I13005—Immunology/ Rheumatology

Contact:

Mentor/Principal InvestigatorRobert P. Kimberly, M.D. Professor  Mailing address: SHEL 176, 1530 3RD AVENUE S BIRMINGHAM AL 35294-2182  Telephone: (205) 934-0245  E-mail: This email address is being protected from spambots. You need JavaScript enabled to view it.


Immunogenetics and Functional Genomics

Research opportunities are available in cellular and molecular immunology, emphasizing genetic variation of immune response genes and the impact on immune system function, including the predisposition to autoimmune and immune-mediated inflammatory diseases and the characteristics of host responses to infectious agents. Both human and non-human model systems form the basis for study.

The primary emphasis of the program is the identification and understanding of naturally occurring, genomically encoded variants of immune response genes. Mentors are involved in both their own research programs and in the care of patients with autoimmune and immune-mediated inflammatory diseases, thus providing an opportunity for translational work between model systems and human immunology. Opportunities in human biology and disease are available in autoimmune and immune-mediated inflammatory diseases, malignant diseases, host-defense defense including vaccine development, and transplantation immunology. Outstanding investigator-based and core-based facilities are available. Resources include state-of-the-art high-speed flow cytometry, high resolution imaging (confocal, FRET, standard and cryo-election microscopy), nucleic acid and protein sequencing, hybridoma/phage display antibody production, and transgenic/ES cell mouse facilities.

Postdoctoral trainees with an M.D., Ph.D. or equivalent terminal degree are selected on the basis of prior academic and research performance, letters of recommendation, and personal interviews. Successful candidates will demonstrate a strong commitment to a research and teaching career in investigative biomedical sciences. For further information, please contact Dr. Robert Kimberly, E-mail: This email address is being protected from spambots. You need JavaScript enabled to view it. .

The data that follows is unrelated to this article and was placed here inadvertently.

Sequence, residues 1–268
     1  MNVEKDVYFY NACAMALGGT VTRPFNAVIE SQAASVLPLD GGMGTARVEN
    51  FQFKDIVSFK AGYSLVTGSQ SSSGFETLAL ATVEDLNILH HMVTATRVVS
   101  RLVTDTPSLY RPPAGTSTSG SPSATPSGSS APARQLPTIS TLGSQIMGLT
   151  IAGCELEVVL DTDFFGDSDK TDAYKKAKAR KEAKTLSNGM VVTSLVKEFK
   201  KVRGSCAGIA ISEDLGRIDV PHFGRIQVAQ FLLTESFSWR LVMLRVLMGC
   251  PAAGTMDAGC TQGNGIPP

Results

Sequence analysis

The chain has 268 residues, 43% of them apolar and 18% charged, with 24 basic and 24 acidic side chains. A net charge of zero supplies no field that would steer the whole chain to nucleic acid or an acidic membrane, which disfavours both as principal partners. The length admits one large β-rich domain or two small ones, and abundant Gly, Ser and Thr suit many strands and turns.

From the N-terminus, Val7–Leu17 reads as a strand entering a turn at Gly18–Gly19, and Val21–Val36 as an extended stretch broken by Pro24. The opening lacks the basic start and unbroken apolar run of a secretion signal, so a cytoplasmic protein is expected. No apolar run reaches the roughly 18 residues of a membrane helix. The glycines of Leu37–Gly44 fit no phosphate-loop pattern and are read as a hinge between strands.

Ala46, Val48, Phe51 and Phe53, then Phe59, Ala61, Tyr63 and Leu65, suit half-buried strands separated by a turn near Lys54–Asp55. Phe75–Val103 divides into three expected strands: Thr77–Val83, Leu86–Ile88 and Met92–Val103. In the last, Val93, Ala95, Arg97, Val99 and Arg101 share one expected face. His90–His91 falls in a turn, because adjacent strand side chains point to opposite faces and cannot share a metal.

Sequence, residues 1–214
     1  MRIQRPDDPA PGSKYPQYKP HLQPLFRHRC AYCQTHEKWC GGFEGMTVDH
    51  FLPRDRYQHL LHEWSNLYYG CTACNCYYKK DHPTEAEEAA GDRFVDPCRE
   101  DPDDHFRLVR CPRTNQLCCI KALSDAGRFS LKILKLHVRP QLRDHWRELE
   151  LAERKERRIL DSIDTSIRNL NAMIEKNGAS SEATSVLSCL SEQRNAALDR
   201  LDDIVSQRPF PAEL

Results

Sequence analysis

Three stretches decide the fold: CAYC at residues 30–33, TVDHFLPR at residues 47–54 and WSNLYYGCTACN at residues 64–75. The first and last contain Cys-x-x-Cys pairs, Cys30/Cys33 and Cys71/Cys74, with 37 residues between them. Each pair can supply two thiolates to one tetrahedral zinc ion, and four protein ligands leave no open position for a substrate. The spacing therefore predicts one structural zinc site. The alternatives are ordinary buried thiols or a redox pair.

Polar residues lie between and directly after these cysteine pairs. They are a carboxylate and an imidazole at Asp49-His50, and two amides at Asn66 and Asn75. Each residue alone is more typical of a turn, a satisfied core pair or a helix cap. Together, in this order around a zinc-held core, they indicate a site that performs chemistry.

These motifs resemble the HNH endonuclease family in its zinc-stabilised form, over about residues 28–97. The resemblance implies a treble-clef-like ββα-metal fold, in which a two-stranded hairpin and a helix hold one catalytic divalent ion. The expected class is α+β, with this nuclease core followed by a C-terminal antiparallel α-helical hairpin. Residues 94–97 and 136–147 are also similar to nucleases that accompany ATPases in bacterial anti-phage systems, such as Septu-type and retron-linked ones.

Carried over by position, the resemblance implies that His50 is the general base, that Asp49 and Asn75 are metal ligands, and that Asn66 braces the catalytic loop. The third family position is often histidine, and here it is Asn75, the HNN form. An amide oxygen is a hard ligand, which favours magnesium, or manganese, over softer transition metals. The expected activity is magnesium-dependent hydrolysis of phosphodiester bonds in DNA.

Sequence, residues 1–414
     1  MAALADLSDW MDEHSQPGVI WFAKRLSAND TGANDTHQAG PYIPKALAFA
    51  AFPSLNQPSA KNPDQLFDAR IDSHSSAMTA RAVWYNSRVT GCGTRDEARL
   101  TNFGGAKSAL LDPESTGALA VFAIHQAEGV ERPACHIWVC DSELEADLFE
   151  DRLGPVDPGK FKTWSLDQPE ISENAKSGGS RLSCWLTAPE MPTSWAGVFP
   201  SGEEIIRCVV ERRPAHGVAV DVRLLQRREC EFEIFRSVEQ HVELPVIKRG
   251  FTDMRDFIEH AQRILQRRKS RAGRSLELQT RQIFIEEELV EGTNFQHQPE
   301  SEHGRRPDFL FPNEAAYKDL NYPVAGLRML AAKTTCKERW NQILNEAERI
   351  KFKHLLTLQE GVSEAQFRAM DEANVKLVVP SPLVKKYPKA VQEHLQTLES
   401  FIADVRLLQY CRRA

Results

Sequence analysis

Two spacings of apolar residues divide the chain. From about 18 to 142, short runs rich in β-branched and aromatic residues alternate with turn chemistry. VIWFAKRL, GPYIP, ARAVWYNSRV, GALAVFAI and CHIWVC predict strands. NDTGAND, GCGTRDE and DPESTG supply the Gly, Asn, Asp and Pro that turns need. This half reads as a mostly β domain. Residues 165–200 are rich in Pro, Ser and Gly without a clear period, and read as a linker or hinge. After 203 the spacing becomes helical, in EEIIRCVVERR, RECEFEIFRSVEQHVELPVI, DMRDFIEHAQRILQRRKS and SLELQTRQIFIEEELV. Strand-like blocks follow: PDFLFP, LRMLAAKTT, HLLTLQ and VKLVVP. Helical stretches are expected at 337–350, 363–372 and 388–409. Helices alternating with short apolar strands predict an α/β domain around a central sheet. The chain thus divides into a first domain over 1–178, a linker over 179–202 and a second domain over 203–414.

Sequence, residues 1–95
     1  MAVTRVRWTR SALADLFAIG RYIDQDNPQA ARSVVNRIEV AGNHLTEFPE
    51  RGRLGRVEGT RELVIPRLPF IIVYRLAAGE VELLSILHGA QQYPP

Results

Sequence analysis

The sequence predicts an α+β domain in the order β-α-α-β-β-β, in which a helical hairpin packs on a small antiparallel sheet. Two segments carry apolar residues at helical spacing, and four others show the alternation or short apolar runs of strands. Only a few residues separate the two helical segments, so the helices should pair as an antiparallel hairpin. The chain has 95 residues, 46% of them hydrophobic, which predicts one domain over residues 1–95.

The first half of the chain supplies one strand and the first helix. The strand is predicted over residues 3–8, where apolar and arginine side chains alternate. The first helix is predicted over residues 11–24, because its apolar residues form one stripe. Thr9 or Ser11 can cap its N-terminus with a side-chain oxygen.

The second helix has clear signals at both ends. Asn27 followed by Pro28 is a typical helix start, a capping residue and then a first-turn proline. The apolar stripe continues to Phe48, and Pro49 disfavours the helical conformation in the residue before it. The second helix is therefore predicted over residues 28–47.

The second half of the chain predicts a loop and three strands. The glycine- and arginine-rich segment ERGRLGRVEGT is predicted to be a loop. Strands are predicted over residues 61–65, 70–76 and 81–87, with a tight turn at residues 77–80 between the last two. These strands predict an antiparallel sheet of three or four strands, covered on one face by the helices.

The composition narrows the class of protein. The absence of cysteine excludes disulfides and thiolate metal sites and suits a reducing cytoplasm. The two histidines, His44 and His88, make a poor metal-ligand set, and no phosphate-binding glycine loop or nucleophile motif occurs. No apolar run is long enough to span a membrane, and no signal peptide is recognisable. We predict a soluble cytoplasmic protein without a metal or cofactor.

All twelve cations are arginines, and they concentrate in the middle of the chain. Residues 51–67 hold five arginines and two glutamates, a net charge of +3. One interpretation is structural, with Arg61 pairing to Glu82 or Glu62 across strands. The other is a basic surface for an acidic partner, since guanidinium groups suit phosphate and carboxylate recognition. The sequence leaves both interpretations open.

UAB News

  • As kids prepare to head back to school, required immunizations are typically on the to-do list, but getting potentially lifesaving vaccines should not end when adulthood begins, says one University of Alabama at Birmingham infectious diseases expert.

  • effrey R. Curtis, M.D., from the University of Alabama at Birmingham, and colleagues utilized 1998 to 2011 data from the U.S. Veterans Health Administration to identify RA patients initiating rituximab, abatacept, or anti-tumor necrosis factor (anti-TNF) therapy. The authors sought to assess the comparative risk of hospitalized infection associated with anti-TNF and non-anti-TNF biologic agents.

UAB Research News

  • New drugs to slow or even prevent Parkinson’s could be in human studies as early as 2015.Written by Matt Windsor An enzyme closely associated with genetic forms of Parkinson’s disease appears to play a larger role in its progression than previously thought, say investigators at the University of Alabama at Birmingham. The new research offers encouraging evidence that drugs to block this enzyme, known as leucine-rich repeat kinase 2 or LRRK2, could slow — or even...

  • UAB School of Nursing's federally funded study shows both the patient and caregiver benefit from early palliative care.The earlier a specific phone-based, palliative care support program can be introduced to caregivers, the better they will be able to cope with the caregiving experience, according to research conducted by University of Alabama at Birmingham School of Nursing investigators. The patient outcomes from the study, known as ENABLE III, were presented June 3 at the American Society of...